New company announced today is world’s third biggest automaker.
The Nissan Renault Alliance has swallowed up a majority stake of struggling Japanese company Mitsubishi Motor Company (MMC), in the process becoming the world’s third biggest car maker behind Toyota and Volkswagen, with 10 million cars expected to be sold in 2016.
The man known in the automotive industry as ‘Le Cost Killer’, the 62-year-old Carlos Ghosn, will head the alliance, including taking on the role of chairman elect of the MMC board in addition to his duties as the chairman and CEO of Nissan.
The deal, announced in May this year and finalised today, sees the Nissan Renault Alliance acquire a 34 per cent majority stake in the company, as well as installing key Nissan management figures in the MMC business.
"The combination of Nissan, Mitsubishi Motors and Renault will create a new force in global car-making," said Ghosn.
New Mitsubishi SUVs will likely share underpinnings with cars like the Renault Koleos and Nissan Qashqai.
"It will be one of the world's three largest automotive groups, with the economies of scale, breakthrough technologies and manufacturing capabilities to produce vehicles to serve customer demand in every market segment and in every geographic market around the world."
Ghosn oversaw the revival of the ailing Nissan brand after the alliance was formed in 1999 by smashing decades-old keiretsu deals (favourable corporate partner structures that are common amongst large Japanese businesses), closing factories and consolidating supply chains and car platforms.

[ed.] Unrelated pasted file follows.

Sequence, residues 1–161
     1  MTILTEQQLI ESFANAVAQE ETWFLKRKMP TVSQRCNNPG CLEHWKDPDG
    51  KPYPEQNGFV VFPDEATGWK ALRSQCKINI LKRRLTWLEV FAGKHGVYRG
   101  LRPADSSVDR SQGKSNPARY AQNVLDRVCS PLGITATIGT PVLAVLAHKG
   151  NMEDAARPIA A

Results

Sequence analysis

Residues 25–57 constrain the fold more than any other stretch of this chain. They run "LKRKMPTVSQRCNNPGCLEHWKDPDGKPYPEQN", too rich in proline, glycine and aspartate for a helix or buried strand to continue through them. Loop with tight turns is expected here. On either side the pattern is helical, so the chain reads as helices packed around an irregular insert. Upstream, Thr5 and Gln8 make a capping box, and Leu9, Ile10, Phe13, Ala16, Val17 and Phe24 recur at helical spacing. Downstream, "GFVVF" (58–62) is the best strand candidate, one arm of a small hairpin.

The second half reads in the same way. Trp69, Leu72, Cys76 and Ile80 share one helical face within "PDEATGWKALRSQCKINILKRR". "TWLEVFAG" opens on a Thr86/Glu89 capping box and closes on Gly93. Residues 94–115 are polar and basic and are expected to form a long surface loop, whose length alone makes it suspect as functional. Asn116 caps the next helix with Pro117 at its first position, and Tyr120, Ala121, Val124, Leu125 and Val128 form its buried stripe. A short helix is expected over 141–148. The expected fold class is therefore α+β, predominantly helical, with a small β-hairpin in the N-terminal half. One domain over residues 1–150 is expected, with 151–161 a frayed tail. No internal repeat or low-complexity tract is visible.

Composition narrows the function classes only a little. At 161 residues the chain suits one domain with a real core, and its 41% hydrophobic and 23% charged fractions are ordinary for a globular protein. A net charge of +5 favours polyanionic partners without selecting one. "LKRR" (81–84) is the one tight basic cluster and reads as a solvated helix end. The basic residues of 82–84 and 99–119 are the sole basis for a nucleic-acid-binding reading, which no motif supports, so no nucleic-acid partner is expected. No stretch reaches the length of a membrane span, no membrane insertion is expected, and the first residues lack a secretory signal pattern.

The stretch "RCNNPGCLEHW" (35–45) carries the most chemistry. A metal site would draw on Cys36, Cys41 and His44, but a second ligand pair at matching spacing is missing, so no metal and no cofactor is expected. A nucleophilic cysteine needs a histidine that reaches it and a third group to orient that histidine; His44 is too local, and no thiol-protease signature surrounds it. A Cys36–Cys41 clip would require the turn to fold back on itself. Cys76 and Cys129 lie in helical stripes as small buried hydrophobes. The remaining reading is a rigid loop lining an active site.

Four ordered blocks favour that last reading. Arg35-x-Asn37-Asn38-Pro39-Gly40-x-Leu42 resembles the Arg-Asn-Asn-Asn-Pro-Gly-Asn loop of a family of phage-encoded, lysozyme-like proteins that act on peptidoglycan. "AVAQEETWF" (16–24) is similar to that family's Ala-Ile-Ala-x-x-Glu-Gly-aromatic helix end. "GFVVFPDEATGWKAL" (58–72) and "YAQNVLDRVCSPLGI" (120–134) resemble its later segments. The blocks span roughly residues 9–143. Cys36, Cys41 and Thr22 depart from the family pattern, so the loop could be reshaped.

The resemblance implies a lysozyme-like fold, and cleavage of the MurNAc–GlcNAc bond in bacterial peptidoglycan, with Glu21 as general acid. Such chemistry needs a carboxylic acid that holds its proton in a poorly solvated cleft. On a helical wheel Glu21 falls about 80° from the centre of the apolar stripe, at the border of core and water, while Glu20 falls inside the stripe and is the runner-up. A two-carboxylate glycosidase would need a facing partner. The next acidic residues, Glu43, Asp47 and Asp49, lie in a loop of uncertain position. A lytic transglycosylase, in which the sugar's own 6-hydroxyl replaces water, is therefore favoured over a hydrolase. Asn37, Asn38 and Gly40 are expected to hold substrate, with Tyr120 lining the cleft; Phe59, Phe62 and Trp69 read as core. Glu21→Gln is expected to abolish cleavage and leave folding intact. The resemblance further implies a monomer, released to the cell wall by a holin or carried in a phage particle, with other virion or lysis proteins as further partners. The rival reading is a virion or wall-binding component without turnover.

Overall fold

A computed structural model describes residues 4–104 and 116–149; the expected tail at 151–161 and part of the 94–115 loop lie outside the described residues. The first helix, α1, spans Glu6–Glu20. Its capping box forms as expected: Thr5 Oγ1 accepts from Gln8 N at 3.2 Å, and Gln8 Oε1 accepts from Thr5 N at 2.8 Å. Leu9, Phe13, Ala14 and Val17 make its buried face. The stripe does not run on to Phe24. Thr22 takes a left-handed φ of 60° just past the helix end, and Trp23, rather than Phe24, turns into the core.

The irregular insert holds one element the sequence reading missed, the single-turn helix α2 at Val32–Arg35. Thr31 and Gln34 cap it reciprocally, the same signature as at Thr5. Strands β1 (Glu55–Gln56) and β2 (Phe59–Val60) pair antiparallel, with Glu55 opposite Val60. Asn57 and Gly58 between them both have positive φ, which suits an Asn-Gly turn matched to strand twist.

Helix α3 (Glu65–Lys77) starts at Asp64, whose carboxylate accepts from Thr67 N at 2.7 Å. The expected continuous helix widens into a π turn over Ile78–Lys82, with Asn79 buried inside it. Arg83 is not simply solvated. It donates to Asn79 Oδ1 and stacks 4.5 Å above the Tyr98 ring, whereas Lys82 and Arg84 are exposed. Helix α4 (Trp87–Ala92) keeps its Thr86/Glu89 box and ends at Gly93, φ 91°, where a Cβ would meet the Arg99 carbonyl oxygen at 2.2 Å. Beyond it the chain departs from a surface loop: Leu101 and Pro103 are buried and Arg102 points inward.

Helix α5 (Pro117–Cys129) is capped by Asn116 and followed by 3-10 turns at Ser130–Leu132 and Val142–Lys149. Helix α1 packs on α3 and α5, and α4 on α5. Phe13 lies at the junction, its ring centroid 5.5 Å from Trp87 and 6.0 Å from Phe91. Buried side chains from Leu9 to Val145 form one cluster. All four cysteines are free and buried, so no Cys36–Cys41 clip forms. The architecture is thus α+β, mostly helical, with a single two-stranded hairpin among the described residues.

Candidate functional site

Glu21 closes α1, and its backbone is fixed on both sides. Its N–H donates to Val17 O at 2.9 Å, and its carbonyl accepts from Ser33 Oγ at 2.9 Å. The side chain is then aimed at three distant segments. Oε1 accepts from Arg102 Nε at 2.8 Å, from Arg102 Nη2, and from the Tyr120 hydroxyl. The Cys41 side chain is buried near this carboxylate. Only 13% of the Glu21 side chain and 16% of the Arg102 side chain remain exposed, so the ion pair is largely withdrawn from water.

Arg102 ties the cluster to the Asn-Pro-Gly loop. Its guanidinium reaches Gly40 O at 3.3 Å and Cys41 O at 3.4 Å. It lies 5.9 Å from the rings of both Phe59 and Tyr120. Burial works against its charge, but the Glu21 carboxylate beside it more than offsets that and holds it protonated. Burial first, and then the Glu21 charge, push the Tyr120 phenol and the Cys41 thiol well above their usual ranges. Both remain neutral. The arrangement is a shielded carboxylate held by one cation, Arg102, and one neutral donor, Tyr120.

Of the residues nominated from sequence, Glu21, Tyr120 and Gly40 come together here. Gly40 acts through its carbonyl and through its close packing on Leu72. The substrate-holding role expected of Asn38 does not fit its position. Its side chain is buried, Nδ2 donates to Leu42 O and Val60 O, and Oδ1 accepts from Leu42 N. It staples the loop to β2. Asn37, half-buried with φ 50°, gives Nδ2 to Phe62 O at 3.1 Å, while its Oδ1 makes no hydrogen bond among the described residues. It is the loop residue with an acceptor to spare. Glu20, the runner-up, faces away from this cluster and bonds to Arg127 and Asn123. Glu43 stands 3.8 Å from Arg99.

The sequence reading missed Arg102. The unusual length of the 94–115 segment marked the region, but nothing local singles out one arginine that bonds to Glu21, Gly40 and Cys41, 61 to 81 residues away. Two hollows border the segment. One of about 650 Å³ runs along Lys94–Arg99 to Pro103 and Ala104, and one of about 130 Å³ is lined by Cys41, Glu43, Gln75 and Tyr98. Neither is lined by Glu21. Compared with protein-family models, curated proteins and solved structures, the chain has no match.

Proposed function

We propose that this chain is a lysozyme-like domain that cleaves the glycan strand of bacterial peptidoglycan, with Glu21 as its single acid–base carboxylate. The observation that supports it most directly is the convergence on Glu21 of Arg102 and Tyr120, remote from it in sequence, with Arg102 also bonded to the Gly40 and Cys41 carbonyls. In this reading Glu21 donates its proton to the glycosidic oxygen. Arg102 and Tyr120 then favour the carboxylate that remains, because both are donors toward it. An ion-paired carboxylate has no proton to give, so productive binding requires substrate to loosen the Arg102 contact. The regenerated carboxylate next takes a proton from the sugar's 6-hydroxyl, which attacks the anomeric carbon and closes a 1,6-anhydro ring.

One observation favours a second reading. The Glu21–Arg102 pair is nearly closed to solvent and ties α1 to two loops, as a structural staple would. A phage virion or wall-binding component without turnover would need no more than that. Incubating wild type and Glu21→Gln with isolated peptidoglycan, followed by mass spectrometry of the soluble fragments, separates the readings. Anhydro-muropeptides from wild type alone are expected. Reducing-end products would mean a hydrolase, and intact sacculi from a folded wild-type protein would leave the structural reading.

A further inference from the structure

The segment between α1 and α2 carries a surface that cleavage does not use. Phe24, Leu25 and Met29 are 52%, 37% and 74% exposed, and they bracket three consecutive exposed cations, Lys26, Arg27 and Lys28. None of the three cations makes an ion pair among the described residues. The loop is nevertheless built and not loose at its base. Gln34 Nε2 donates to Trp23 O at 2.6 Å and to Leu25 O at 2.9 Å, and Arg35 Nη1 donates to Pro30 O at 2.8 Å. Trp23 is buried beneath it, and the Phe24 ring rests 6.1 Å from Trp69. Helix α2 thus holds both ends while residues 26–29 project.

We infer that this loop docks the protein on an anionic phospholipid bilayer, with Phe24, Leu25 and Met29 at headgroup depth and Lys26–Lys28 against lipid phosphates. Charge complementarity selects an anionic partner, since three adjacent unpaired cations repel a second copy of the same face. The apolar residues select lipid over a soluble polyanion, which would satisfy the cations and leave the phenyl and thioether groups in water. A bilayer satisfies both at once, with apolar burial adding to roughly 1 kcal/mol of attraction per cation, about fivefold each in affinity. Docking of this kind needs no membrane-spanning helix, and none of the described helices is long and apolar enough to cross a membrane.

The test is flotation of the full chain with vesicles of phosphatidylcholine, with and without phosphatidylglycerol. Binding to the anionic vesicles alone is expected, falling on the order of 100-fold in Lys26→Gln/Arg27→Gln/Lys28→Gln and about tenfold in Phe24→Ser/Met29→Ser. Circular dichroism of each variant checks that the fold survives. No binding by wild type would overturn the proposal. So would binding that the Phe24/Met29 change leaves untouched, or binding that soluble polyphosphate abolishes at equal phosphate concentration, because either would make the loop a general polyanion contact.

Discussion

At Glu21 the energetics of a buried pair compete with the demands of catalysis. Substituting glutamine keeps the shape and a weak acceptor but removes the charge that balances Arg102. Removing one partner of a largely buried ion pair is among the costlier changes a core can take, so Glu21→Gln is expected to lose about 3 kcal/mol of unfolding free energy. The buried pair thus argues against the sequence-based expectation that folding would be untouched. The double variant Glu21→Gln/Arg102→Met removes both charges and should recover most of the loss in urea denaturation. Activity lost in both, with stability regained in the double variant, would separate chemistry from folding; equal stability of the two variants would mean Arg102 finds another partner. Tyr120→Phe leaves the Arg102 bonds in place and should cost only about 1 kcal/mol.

He has already indicated that he expects to realise A$300 million in savings across the three companies by the middle of 2017, and more than A$750 million in fiscal year 2018.
These savings will partly come at the expense of new vehicle development within MMC. For example, the next Triton pick-up will most likely be built atop the Nissan Navara/Renault Alaskan/Mercedes-Benz GLT platform, while new Mitsubishi SUVs will likely share underpinnings with cars like the Renault Koleos and Nissan Qashqai.
MMC struck trouble in 2015 after it revealed it had been fudging its claimed fuel economy figures on Japanese-market cars for the better part of three years.
Nissan and MMC have a history of sharing technology across the Japanese-market kei car spectrum. Interestingly, it was during a fuel economy figures test that was requested by Nissan that the error in reporting the fuel economy figure of the car models in questionto the Japanese government came to light.
None of the cars involved in the scandal were sold in Australia.
Locally, Mitsubishi leans heavily on a broad SUV range, with the ASX, Triton and the Pajero Sport the brightest lights in the sales race. It recently sold its last Evo X, though, while its Pajero and Lancer models are among the oldest cars on sale today.
Will the new alliance have what it takes to rival Toyota, GM et al? Tell us what you think in the comments below